According to the CBN News website, a class action lawsuit has been filed against the Obama administration over the so-called “contraceptive mandate” or “birth control mandate,” a provision in the Affordable Care Act (ACA) that directs employers to offer insurance packages that cover the cost of contraceptive drugs. The suit has been filed by the Becket Fund for Religious Liberty on behalf of several Christian-based organizations that want to be classified as “religious employers” so they can take advantage of the legal exemption provided to those businesses. The plaintiffs allege that providing health benefits that cover this category of care is an infringement on their right to practice their religion by allowing free or discounted access to drugs that could prevent or prematurely end a pregnancy. This is not the first lawsuit filed over the mandate and likely won’t be the last, until we’re given a federal court precedent that will more clearly define who is exempt and who isn’t. Right now, the “religious employer” classification that allows exemption to contraceptive coverage provides too much of a gray area. Until that’s resolved, we’ll see more cases like this.
I’m really baffled. Of course I’m in favor of protecting First Amendment rights, specifically in regards to religion, but these cases seem to be more about political posturing and furthering the anti-Obamacare movement than anything else. In fact, some institutions that have sued in the past didn’t even realize that they were already offering this coverage before the mandate was created. So really, how important is this issue to these institutions? Are they drumming up complaints just because they’re on the other side of the aisle? Would this be as big of a problem if this were G.W. Bush’s health care program? Let’s look at the real issue here.
So these businesses are complaining that they will be forced to offer heath insurance packages to their employees that cover contraceptive care, something that is debatably against their religious beliefs. Specifically, Catholic institutions have complained the loudest, since Catholicism forbids birth control of any kind, yet surveys have shown that 98% of Catholic women ages 15 to 44 who have had sex have used some kind of birth control, and 82% of Catholics believe that using contraceptives is not morally wrong, despite their own religious affiliation. Jehovah’s Witnesses have a stance against blood transfusions. They’re not allowed. Yet somehow I’ve not heard of any legal action to remove the coverage of blood transfusions from health care plans offered by JW-based businesses. Again I ask, how vital is this issue?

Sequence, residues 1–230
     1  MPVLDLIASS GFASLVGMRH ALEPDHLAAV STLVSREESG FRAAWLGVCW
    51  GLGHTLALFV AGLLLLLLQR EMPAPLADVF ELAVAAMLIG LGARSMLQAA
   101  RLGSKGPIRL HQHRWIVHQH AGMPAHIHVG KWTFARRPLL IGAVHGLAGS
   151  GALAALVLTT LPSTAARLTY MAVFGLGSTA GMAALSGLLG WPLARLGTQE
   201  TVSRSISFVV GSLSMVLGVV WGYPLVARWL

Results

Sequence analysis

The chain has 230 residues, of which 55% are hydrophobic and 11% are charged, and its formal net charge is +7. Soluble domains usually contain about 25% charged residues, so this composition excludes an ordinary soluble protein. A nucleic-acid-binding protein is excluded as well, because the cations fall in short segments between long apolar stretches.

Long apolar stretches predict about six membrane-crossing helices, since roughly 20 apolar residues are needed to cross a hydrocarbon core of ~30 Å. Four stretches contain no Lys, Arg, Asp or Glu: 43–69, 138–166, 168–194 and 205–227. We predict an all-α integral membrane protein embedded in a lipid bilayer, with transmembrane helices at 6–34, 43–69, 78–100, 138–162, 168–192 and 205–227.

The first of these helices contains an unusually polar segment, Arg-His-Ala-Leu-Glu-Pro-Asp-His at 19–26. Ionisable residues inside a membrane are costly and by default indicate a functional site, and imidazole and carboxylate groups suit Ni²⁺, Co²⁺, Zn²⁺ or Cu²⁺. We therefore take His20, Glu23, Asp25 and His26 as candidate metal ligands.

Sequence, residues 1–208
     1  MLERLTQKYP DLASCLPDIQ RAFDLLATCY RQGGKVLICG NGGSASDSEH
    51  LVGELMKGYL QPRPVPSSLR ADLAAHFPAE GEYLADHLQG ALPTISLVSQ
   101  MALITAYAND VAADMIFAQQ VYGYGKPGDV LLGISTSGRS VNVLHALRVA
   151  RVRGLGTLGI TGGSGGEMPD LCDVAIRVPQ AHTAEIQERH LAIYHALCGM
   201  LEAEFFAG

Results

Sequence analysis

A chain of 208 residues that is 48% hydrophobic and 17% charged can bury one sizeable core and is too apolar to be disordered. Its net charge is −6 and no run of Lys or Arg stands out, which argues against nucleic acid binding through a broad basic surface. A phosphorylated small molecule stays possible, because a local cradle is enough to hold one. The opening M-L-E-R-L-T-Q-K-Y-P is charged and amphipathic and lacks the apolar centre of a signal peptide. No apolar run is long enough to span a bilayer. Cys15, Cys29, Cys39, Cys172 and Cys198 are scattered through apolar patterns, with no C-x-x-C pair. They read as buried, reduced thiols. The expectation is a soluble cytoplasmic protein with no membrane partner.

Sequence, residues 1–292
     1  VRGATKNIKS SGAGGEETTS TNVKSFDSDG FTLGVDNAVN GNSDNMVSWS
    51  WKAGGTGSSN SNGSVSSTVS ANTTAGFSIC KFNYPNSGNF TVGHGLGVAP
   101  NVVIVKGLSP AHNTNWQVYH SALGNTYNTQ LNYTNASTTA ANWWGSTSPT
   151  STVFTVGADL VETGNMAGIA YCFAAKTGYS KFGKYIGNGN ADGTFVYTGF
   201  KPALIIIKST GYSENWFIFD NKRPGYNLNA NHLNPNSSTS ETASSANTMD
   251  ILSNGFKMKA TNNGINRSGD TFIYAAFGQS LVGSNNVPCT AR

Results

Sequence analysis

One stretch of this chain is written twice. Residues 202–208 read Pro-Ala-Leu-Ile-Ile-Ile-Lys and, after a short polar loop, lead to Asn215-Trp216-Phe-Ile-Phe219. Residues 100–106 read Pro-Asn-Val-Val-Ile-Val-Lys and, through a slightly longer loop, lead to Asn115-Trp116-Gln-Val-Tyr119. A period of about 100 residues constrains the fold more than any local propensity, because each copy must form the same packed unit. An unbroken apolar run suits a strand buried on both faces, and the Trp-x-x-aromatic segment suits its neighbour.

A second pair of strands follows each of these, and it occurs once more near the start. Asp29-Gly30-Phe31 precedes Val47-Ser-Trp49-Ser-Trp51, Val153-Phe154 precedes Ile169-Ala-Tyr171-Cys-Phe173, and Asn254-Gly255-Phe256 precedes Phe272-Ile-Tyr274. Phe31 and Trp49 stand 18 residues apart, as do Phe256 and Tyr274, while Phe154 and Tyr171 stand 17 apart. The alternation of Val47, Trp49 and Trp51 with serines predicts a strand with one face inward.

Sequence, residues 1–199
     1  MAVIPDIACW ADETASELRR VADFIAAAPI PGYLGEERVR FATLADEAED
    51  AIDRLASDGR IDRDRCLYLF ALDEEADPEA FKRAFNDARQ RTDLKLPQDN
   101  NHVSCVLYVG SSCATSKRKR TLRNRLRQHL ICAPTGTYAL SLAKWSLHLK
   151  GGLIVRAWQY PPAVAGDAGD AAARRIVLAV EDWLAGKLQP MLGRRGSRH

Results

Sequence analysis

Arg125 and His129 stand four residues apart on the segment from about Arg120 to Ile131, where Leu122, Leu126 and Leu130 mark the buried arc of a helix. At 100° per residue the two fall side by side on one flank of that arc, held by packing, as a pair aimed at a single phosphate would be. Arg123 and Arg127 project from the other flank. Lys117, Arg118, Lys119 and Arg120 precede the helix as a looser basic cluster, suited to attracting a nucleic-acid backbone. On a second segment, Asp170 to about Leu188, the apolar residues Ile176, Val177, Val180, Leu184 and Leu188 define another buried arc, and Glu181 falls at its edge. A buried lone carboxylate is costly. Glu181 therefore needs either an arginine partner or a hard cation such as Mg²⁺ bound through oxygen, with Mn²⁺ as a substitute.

The contraceptive mandate issue is just another waste of court time and taxpayer money with no real-world effect. If the goal of the religious is to prevent people from using contraceptives by not covering them in their health plans, then they’re even more diluted than anyone thought. Birth control and Plan B will still be purchased by those who wish to use them, whether they’re covered by insurance or not. The numbers show that even Catholic followers agree that the stance of the Church is outdated and irrelevant in today’s society. Maybe the Catholic focus should be more centered around updating their doctrine rather than fighting for archaic uterus control. They hide behind the facade of a righteous duty to save lives of the unborn or yet to be fertilized. What about saving lives of the people that have been born already by providing them access to affordable health care? Studies have shown that birth control pills dramatically lower a woman’s risk of ovarian cancer, but the Catholics aren’t talking about that because they never admit to any harm in their own doctrine. After all, isn’t the spread of AIDS in Africa partially attributed to Catholic missionaries preaching to converts about the evils of condoms? You won’t hear that from them. They try to convince us that condoms help spread AIDS. Two words: global irresponsibility.